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Why do home owners buy and sell in short succession and lose money due to capital gain tax (Bright-Line Test) or change of personal circumstances?



Moving Household

Buying/Selling—Capital Gain and Taxation

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Why do home owners buy and sell in short succession?


The housing culture seems to have lots to do with moving households frequently. Comparing statistics of different countries certainly there are similarities. For instance a survey revealed that 43% of Australians moved house over the last five years. The figures in NZ are similar. Changing demographics, mobility and the desire to improve the lifestyle are good reasons for relocating, while the proportion of people moving for employment reasons have been shown low. That is surprising. I expected that income and career are on the top of the list.


Selling and buying a house is a stressful or time consuming process. Why then do people do that in short succession?  Seen by friends and former colleagues, who belong to this category of home owners, they bought and sold within few years because of three simple reasons;


· Purchased the wrong house or in a wrong neighbourhood,

· Personal circumstances have changed,

· Riding the wave of capital gain




Capital gain and taxation



In housing cultures like NZ, capital gain is over valued and that is why people work in slavery for the bank lifetime long only to pay off their mortgage. That trend has been fueled by housing policies, immigration and monetary restrictions for investors resulting in a permanent shortage of housing in the past decade. The deficit between demand and supply has been driving up house prices to levels characterized as “unaffordable”.  Now, in the forefront of the election in 2017 fiscal policies has been introduced to stop riding the wave of capital gain. One of the policy changes so called “Bright-Line Test for Residential Land”, introduced with the Taxation Act 2015, is targeting those home owners.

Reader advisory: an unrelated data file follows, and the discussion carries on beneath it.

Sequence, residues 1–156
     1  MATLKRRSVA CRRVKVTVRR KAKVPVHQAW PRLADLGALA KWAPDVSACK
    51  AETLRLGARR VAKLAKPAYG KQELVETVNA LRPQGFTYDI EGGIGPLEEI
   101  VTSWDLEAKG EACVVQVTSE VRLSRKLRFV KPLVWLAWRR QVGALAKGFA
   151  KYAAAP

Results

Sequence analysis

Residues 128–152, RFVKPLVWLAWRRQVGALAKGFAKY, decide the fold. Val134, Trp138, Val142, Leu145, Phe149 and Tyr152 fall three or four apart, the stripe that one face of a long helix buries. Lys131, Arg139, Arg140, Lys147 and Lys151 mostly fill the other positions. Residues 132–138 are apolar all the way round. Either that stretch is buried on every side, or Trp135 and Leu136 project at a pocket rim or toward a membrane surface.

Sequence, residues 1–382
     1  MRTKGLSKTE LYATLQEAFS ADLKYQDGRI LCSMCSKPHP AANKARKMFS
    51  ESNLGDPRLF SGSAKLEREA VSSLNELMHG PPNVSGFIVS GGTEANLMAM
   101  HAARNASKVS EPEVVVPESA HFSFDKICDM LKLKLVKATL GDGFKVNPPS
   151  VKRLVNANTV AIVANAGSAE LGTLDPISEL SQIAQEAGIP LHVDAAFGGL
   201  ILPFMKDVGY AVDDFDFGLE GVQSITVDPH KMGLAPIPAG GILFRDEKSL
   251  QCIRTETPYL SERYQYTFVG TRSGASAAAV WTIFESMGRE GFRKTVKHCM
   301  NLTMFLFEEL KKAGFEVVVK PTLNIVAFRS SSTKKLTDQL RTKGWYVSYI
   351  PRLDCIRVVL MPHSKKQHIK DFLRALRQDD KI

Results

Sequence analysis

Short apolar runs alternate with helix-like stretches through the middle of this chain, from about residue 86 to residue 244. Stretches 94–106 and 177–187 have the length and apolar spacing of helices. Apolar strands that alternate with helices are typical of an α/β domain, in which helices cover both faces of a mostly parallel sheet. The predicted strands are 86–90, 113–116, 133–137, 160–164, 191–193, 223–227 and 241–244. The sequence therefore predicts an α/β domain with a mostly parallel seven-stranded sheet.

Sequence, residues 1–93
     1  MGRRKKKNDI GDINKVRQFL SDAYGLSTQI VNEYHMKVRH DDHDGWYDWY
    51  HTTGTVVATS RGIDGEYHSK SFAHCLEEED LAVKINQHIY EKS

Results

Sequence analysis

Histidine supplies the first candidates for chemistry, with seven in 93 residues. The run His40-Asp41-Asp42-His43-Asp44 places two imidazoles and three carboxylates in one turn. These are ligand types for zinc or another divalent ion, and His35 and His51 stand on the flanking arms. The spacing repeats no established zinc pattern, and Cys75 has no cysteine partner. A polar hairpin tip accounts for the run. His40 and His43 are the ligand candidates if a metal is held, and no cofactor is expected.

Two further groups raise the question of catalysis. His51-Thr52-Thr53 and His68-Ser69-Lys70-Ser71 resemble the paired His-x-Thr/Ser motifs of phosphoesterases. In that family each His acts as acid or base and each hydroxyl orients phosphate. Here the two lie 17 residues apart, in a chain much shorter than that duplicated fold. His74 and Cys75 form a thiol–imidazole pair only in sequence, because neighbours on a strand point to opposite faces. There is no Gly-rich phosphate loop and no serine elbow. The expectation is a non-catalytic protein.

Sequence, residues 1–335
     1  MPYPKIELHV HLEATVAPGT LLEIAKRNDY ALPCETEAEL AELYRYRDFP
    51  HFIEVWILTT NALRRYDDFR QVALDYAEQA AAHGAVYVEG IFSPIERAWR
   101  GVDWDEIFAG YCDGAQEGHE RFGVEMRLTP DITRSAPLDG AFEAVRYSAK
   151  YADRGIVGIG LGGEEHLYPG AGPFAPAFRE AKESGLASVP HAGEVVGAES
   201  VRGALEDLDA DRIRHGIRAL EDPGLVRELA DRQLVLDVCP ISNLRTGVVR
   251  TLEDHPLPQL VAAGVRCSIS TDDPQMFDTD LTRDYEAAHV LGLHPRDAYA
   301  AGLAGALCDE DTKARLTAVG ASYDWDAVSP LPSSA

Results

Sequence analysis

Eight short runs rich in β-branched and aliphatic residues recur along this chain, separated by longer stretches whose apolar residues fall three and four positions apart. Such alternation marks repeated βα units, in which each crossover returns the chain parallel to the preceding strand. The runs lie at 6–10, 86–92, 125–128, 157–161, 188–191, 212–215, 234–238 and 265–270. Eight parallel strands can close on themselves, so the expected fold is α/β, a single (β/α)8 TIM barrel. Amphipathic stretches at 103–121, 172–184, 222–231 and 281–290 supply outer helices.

Now buying and selling in short order exposes home owners to tax duties and has become a financial setback. Even when being reimbursed with financial gains (capital gain) people keep quiet about the “true costs”.


Emotionally stressed out first home buyers rush into high mortgages pushed by fear to miss out. When taking financial risks does not work out, selling with loss is not a good start on the property ladder. I have seen too many homeowners with mortgage costs twice of the property value to be paid over decades. Because of the amount of debts  offsetting these costs by capital gains might become difficult due to changing policies.


Yes, I hear you saying that the lending costs have dropped to record lows (currently around 4-5%). Good reasons to go onto the property ladder. True, but consider related reasons why finance is so competitive. Look at the job market, economic growth and  financial stability— a cheap mortgage is not helpful without job security.




Change of personal circumstances—are you prepared?


Owning a family home comes with obligations. Unpredictable events you can’t control happen, but pro-actively insurance might cover the risks. Personal circumstances change over time as well, but can you be insured against relationship breakups, becoming a parent with twins, or losing the ability working in your profession?


How can you be actively be prepared?


[1] Choose the right ownership type with your partner and have a exit strategy in place.

[2] Find the right house type (stand-alone house on free-hold title, flat on unit title/cross-lease, or an apartment) and the location that supports your lifestyle,  family and prosperity.

[3] Think about financial risk management; if you have to move household for any reason, would you sell or keep your house for renting out?




Reducing tax duties—it that an option for you?



Real Estate marketing uses the term home and income property for residential housing that has a main dwelling and a second flat (unit) attached to it. The owner-occupier  lives in the main house and rents out the smaller flat for a second income.


The beauty of buying a home and income property is the tax advantage. The second rental flat can be treated as investment and related expenses inclusive the percentage of mortgage interest payments are income tax deductible. A great way to share housing costs with other people. When the space is needed for grown up kids or family in future, it is easy to make fiscal adjustments.




Homeowner’s risk - low resale value


Looking at the resale value you will possibly agree that properties with limited space, lack of control (managed by Body Corporate or leasehold properties) and homes in remote locations (limited public services and infrastructure) have a limited potential when the time is right for selling.


Apart from personal circumstances home owners don’t like the prospect of losing money due to the property cycle and downward trends for properties low in demand. That is why home buyers should consider the resale value before signing the purchase agreement.




Not so often admitted by homeowners here are three reasons for re-selling a property in a short period of time:

· Property defects difficult to fix (leaky homes)

· Impact of crime, wrong area or nasty neighbours

· Body corporate (management) issues






Take Away

Things in life keep changing and the house you own should reflect that. Selling and buying a house is stressful, time consuming and capital gain tax (Bright-Line Test) is often one reason for  losing money.  Be actively be prepared by due diligence when buying, sufficient insured as owner and review annually your financial risk management.

Good luck




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